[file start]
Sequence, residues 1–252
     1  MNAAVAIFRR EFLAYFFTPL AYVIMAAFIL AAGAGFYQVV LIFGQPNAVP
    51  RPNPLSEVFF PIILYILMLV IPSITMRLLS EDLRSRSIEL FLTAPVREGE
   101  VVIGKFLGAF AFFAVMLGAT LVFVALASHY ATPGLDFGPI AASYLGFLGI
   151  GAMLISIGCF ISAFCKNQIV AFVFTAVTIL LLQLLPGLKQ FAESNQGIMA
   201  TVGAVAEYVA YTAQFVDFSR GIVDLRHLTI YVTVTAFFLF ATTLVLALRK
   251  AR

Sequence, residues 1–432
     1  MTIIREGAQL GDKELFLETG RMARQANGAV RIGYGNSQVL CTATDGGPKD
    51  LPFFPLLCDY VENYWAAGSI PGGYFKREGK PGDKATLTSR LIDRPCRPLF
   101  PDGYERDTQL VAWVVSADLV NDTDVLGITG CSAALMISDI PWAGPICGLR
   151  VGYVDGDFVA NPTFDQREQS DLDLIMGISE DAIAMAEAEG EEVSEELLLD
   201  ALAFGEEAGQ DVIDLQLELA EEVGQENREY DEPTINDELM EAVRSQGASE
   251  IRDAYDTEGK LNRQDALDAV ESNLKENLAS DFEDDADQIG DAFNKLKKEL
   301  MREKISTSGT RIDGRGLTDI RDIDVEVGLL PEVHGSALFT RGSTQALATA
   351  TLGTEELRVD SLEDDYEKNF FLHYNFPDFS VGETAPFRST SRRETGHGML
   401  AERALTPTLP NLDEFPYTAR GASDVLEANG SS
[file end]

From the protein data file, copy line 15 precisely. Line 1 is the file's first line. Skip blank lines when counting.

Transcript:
   301  MREKISTSGT RIDGRGLTDI RDIDVEVGLL PEVHGSALFT RGSTQALATA